Chess on the red carpet

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Before the Academy Awards (the Oscars) are handed out to each year’s winners, movie stars walk the red carpet. They pose for photos and are interviewed. On February 9, 2020, one young actress brought a black knight with her. This article explains why, and then presents a chess problem, from Grandmaster John Nunn’s most recent book, which features a black knight.

Ten-year-old Julia Butters had a role in Quentin Tarantino’s Once Upon a Time in Hollywood. Here is one of Julia’s interviews from the red carpet. In that video, pay attention from 1:50 onwards, where she says, “This chess piece is very important to me because Quentin actually gave this to me. And he has the king, of course. He says, ‘I’m the king, you’re the knight, deal with it.‘”

While Tarantino may have been the king during the filming of Once Upon a Time in Hollywood, for his previous film, The Hateful Eight, Tarantino saw himself the player in charge of all the chessmen. In a 2015 interview about The Hateful Eight, Tarantino stated, “You don’t know when the violence is going to happen, but you know it is going to happen, and you are just waiting for it. The trick was extending that for the entire movie. If the movie works, it should be suspenseful. There is a long, long buildup as I put my chess pieces in place. I am playing chess, and I have to put them all in the right spot before I start killing them off, and I am asking you for some patience.

In the following chess problem, you could imagine the black knight as Julia Butters and the black king as Quentin Tarantino. Or you could imagine all the problem’s chessmen as actors in Tarantino’s next film. The problem is from John Nunn’s Chess Endgame Workbook for Kids, published in 2020 by Gambit Publications.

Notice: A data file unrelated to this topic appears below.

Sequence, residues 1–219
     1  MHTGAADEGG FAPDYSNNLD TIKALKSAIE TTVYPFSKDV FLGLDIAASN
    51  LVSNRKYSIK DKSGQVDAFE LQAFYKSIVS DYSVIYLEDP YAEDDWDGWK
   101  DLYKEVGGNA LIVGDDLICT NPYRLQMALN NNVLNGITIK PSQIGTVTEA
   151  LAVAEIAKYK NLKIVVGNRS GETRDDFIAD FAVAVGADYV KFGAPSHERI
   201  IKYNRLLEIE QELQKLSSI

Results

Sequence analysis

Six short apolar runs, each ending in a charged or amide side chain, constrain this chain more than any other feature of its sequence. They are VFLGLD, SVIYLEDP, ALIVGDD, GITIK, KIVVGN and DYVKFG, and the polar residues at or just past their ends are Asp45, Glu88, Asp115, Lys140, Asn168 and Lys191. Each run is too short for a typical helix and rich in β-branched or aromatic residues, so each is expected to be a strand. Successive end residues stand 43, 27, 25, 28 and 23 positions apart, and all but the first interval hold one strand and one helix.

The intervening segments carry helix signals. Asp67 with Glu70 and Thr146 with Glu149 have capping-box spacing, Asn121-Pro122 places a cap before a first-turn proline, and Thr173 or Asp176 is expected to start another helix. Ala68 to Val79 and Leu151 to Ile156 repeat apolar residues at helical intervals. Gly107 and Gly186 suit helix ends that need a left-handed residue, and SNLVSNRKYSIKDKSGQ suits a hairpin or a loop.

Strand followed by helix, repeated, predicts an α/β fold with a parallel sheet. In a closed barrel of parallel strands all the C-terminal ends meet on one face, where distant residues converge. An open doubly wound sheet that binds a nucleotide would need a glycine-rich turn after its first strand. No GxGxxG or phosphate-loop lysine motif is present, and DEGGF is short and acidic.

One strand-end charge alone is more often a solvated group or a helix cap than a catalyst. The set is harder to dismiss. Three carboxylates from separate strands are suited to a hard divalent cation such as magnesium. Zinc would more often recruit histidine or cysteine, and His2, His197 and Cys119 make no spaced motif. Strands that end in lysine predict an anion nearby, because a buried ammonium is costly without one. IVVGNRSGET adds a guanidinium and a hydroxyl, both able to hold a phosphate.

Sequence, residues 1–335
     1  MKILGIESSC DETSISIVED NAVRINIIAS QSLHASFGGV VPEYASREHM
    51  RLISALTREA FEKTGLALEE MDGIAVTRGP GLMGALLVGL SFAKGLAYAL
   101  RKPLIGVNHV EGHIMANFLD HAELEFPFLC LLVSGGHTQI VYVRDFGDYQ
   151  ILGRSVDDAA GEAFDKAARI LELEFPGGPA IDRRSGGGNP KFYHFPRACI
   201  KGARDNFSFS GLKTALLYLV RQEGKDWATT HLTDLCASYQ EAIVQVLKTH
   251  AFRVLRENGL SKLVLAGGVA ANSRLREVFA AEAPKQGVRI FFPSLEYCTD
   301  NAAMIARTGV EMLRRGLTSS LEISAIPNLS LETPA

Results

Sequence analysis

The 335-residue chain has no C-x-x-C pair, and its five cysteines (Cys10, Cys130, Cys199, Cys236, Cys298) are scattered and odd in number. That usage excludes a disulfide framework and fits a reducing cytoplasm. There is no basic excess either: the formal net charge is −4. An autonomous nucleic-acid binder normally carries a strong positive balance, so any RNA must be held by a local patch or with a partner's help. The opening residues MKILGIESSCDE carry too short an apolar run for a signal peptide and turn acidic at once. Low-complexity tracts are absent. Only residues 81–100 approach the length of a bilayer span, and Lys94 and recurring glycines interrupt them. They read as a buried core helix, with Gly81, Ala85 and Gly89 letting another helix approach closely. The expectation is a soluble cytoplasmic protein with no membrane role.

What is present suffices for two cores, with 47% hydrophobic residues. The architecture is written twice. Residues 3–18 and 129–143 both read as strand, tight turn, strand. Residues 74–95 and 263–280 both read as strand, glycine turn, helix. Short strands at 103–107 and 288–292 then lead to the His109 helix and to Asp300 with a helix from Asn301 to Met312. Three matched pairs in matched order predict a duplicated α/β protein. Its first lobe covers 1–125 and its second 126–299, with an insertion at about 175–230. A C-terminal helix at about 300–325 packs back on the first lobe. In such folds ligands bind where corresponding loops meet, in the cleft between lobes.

When I first looked at this problem, I felt panic rather than the patience Tarantino requested. John Nunn’s hint was “How can Black draw?” but how can my black knight get to the “right spot” where it could kill itself while killing the white pawn?

(Click here to practice this problem yourself)

Then I thought, wait, what if I can fork the white king and the queen (which the pawn will promote to) in a couple of moves? Once I had that idea, I knew exactly where the black knight must move. Nunn’s answer explains both my initial error (trying to capture the pawn by moving to a rank close to it) and the solution (looking for a fork after the pawn has promoted). Nunn gives 1…Ne3! as the solution, followed by 2. e7 Nd5 Not 2…Ng4? 3. Ke6 preventing the N from getting to f6. With the text move, 2…Nd5, the black knight threatens to capture the e7-pawn and draw instantly. Therefore, White has to try promoting. 3. e8(Q) Nf6+, forking the newly-minted Q on e8 and the K on d7. Then, of course, the N will give itself up for the Q with 4. K anywhere Nxe8. A mistake would have been 1…Nd4? because after 2. e7 there is no way to catch the pawn. Thus, even though visually 1…Nd4 moves the knight closer to the e-pawn, the further-away move 1…Ne3 is correct.

WIM Alexey Root, PhD

Alexey Root is a Woman International Master and the 1989 U.S. Women's chess champion. Her peak US Chess rating was 2260. She has a PhD in education from UCLA. You can find her books on chess on Amazon.com.

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